Winter comes, and three communities come together to make an army of the people, as Heloise, the Queen of Crows, the Armored Saint, seeks change everything about the world she lives in. Tragedy after tragedy, bittersweet victory after tremendous loss, she finally finds herself at the head of a group of people all seeking to put an end to the death grip the tyrannical Order holds on the world. Part foreign army seeking to put down aggressors, part traveling community seeking peace, and part citizens sick of falling prey to the terror and oppression of those in power, each in their own way look to Heloise to lead them. Some see her as a holy figure, a Palantine, a saint sent by the Emperor to guide them. Others see a revolutionary who stood up for them, so that they may stand for her. And others still a weak, scared young woman in a war machine, barely holding it together. As the Sacred Throne trilogy ends, Heloise will find out exactly who she is, and what it is she is meant to do. If she can survive what the world throws at her.
In this final volume of his epic fantasy trilogy, Cole brings us a story that simultaneously celebrates the elements of grimdark fiction that were a staple of fantasy in the early 2000s, while also working to interrogate them rigorously.
This world, Cole is fond of reminding us, is brutal. A tyranny of religious zealots holds the world by the throat, and oppresses those who threaten that status quo. Extraplanar devils wait to spring through into our world, intent on slaughtering those who would tamper with forces beyond them. And many people once seen as noble or just, have just as much a temptation towards weakness as any other person faced with a seemingly insurmountable challenge. And yet, in the writing of this grim world, Cole makes an effort to bring nuance to these well-trod tropes, and explore what sort of happiness or bravery or success can be found in challenging them. In confronting a religious order with their own hypocrisy. In uniting with those around you to rise up against the devils intent on your death. And digging deep to find those positive emotions, to remind yourself of the things to live for, especially in the face of the weakness of other’s hearts.
The person who can do all three of those things is, of course, Heloise. Traumatized, injured, struggling with enormous PTSD and guilt, our heroine has more on her plate than anyone in the novel, and finds herself again and again the only person who can push through and do the right thing. Literally trapped in the mechanized war machine she has made her own, Heloise marches toward the capital intent on finding the Emperor and presenting evidence of the corruption of his Order. Her army on the verge of falling apart, her forces beset by new allegiances and challenges, Cole continues to prove that Heloise, despite her own ideas of herself, is a true leader. She continues on, even at its most difficult, and one of the major questions of the book is, when faced with larger and larger responsibility, can Heloise take one more step? If it is for the good of all, can she find the strength to take one last step? The answer to that marks the book’s climax, and in many ways, the message of it rings true not just in all times, but especially in this one. May we all find the courage to take just one more step, and do that which is hard, if it is that which will make things right. And as much as Heloise is a symbol and a heroine, she is also human, and to my relief, Cole does manage to find some joy for her in this novel.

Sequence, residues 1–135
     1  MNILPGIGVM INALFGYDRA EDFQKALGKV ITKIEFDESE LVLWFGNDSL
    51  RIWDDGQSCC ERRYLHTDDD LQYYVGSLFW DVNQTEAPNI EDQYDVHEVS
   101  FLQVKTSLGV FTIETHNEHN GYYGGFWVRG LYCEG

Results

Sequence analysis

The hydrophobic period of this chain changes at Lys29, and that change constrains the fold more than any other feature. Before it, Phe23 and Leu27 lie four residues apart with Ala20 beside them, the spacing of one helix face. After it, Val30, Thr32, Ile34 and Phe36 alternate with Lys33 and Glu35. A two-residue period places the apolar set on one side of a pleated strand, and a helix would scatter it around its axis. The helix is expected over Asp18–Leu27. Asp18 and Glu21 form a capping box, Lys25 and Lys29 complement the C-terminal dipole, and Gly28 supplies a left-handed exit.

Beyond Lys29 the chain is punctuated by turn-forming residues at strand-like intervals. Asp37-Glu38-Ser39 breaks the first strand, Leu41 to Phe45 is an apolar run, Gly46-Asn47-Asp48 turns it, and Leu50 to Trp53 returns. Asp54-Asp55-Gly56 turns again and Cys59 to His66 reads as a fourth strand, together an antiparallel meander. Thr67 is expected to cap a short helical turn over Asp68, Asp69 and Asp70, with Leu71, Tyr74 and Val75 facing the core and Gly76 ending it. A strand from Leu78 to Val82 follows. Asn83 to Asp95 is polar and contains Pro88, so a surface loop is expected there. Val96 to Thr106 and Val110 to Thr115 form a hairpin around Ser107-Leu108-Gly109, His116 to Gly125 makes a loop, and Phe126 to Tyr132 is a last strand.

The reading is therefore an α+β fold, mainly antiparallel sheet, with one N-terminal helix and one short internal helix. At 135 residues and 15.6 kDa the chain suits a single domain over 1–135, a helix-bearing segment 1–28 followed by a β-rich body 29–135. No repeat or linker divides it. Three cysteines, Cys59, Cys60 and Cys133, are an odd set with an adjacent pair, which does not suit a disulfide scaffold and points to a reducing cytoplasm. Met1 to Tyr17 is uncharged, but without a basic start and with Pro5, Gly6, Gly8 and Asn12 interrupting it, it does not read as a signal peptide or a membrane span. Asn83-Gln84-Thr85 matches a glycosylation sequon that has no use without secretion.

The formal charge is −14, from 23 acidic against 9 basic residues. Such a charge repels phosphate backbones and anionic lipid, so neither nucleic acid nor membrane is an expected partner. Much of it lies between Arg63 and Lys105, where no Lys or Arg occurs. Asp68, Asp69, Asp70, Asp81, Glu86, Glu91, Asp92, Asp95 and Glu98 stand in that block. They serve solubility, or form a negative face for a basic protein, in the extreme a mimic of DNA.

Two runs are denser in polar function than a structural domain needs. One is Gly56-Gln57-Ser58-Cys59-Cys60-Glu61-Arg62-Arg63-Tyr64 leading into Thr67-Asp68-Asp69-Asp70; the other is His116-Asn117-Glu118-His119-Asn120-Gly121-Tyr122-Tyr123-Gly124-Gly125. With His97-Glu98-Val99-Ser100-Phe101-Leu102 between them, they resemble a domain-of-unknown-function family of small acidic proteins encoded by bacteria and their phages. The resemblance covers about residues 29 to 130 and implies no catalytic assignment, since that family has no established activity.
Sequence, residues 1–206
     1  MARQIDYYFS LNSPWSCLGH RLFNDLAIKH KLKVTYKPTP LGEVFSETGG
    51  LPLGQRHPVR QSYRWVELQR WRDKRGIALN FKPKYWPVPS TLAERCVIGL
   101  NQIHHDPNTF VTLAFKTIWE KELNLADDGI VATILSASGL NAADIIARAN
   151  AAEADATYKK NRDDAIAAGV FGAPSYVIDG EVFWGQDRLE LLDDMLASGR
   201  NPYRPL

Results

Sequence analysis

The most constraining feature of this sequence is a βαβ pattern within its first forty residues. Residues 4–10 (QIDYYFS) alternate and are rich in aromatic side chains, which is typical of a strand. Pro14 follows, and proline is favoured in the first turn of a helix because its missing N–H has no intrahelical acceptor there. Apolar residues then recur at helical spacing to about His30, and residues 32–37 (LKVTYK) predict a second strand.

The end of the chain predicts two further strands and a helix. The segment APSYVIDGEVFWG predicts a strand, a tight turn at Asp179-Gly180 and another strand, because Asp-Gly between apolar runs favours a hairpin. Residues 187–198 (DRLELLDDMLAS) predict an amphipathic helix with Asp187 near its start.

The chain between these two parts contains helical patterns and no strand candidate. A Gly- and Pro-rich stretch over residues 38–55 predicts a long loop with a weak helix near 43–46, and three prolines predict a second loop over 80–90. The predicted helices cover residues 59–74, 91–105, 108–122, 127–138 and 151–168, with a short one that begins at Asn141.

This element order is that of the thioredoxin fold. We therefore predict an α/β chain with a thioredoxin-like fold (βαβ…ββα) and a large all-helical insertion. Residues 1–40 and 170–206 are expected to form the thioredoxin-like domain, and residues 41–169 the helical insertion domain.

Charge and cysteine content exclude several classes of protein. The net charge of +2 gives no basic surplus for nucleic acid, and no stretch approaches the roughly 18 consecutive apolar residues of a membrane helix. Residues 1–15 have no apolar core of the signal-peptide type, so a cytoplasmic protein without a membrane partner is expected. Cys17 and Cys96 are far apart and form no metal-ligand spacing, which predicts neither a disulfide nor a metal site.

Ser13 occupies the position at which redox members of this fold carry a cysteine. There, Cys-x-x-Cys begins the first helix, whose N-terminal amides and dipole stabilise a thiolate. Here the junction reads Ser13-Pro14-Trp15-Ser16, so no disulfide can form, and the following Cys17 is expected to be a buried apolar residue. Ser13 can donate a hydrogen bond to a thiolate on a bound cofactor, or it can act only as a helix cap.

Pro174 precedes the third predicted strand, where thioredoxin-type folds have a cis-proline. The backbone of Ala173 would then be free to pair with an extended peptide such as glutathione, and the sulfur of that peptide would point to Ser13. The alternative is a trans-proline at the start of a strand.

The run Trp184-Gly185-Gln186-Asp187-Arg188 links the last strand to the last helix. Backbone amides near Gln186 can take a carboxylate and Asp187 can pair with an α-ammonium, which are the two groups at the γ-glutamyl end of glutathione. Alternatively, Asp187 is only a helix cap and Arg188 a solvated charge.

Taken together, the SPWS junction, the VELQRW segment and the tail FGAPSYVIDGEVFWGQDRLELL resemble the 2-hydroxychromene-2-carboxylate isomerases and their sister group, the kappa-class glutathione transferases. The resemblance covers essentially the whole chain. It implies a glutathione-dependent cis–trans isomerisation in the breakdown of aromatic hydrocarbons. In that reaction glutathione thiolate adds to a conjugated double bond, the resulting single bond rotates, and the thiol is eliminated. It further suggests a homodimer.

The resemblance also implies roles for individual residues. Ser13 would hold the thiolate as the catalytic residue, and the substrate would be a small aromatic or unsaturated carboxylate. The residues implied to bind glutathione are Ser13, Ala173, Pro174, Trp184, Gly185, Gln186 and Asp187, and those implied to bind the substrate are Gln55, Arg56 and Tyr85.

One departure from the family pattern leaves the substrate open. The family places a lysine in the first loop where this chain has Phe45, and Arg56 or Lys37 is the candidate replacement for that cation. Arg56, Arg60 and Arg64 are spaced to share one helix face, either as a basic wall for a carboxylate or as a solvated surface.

The Killing Light is a tremendous story that packs action, bloodshed, and dire stakes right up alongside in-depth discussion of war tactics, philosophy, faith, and other moral quandaries. It is to Cole’s credit and talent that each of those sections is just as enthralling as the other, and that there is still mystery afoot even in this final novel. More of the Order and the history of the Emperor is explored, as well as some more on the devils, and their hierarchy. This world is rich and deep, and yet Cole doesn’t tell us everything, but let’s us live along with his characters. If they wouldn’t know something, well, we won’t either.
But that’s okay. What I do know about The Killing Light is that Myke Cole has delivered a nuanced, complex, fast-paced, brutal and yet tender epic fantasy about standing up for what’s right, and working together for the improvement of all, against a system put in place to ensure neither in the first place. Cole has always been a strong writer, but this trilogy has pushed him into new territory, and it has been a joy to watch him evolve, grow, and meet the challenges of this series head-on. The Sacred Throne trilogy is complete, and with The Killing Light, Cole cements himself and his series as a nuanced answer to the ultra-grim fantasy of the early 21st century, and shows you can explore dark, complicated aspects of life, while still remembering to celebrate the goodness in this world, and those things worth fighting for: love, family, joy, and so much more.
Martin Cahill is a contributor to Tor.com, as well as Book Riot and Strange Horizons. He has fiction forthcoming at Beneath Ceaseless Skies and Fireside Fiction. You can follow his musings on Twitter @McflyCahill90.